The Covid-19 pandemic is not the last surprise that awaits present generations. In 2020 people across the globe have realized that governments have failed to prepare for important challenges, even highly probable ones predicted by experts for decades. Greta Thunberg has scolded world leaders for not doing more to stop global warming. Greta and other experts seem to believe that there are plans for the transformation to sustainability waiting in the drawers of heads of state to become implemented, but there are no such plans. Sustainability experts have focused on climate change — nobody has developed the large-scale solutions that Greta asks for. Instead, politicians, business leaders, and sustainability experts have assumed that market forces will drive the transformation to e-mobility, the circular economy, and a sustainable society. In fact, very little has been done to develop the large-scale systems that are needed to replace the present production and distribution systems of the global economy. There are 6 million electric cars, 0.5 per cent of global car fleets. At the present rate it would take 500 years to replace existing car fleets and there is no solution for long-distance transportation ready to be implemented. In the case of resource efficient production and distribution systems, countries have made even less progress.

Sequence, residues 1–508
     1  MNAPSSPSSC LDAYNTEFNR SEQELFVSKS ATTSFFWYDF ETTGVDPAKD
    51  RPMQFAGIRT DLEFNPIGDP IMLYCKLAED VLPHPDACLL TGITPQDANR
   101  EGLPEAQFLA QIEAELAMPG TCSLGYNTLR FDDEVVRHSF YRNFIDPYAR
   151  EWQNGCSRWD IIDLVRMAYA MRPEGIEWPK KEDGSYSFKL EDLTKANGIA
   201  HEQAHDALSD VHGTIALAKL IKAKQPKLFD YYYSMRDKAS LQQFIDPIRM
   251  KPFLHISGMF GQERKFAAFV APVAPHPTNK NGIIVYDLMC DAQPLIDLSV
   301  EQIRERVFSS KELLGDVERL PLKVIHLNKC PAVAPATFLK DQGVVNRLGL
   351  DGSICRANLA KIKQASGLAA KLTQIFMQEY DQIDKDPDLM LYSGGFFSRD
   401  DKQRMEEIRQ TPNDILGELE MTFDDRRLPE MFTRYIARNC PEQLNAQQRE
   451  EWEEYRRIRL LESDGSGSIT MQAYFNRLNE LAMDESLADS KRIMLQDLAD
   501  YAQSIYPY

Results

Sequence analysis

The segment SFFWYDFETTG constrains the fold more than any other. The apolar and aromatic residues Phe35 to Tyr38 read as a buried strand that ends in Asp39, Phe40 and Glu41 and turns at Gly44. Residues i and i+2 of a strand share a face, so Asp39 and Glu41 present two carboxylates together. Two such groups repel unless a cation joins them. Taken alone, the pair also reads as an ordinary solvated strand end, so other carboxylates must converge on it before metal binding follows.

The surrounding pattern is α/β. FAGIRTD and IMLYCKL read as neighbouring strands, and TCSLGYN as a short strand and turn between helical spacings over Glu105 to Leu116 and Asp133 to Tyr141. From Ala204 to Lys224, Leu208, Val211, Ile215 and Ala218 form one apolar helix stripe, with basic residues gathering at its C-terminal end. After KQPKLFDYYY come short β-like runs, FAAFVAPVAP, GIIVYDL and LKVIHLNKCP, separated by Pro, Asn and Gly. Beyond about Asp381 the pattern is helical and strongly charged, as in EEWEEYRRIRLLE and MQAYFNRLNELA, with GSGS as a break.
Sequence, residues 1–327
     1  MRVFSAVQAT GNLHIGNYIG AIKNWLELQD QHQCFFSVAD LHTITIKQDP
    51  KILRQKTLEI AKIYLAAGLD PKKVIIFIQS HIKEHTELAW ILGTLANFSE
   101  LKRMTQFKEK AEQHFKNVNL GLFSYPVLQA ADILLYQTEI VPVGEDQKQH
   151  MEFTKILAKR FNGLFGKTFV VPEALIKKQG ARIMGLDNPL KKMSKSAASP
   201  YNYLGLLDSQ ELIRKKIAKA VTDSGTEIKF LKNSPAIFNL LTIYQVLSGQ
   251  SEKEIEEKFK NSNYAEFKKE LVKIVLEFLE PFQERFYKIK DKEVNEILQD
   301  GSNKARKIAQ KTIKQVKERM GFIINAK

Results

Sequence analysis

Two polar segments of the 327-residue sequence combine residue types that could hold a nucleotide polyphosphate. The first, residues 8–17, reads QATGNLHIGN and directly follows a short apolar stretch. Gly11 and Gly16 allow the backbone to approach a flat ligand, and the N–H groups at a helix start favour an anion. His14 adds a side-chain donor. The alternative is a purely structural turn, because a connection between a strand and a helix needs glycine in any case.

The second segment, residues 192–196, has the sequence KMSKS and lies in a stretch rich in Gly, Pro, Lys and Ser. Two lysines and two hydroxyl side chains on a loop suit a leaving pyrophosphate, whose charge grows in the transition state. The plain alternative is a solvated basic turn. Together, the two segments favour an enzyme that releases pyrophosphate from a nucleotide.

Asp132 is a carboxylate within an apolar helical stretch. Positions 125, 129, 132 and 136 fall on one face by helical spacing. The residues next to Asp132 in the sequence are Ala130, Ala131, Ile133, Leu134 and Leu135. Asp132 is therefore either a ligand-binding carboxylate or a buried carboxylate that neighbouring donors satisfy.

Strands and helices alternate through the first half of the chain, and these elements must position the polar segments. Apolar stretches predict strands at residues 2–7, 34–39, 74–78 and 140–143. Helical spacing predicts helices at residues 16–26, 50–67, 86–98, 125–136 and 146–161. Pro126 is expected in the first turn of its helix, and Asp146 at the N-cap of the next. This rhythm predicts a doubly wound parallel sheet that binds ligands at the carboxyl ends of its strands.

Very large investments will be necessary to build sustainable and resilient societies. Covid-19 shows that conscious measures, driven by governments, are needed to prepare for large-scale challenges. The transformation to sustainability involves large investments and management of large-scale transformation programmes, reminiscent of the largest development programmes ever performed by mankind. Few decision makers are aware of the measures that need to be taken to make the global economy sustainable and resilient. Countries need to prepare for a challenging future. Can globalization continue or do countries need to build an entirely new type of economy?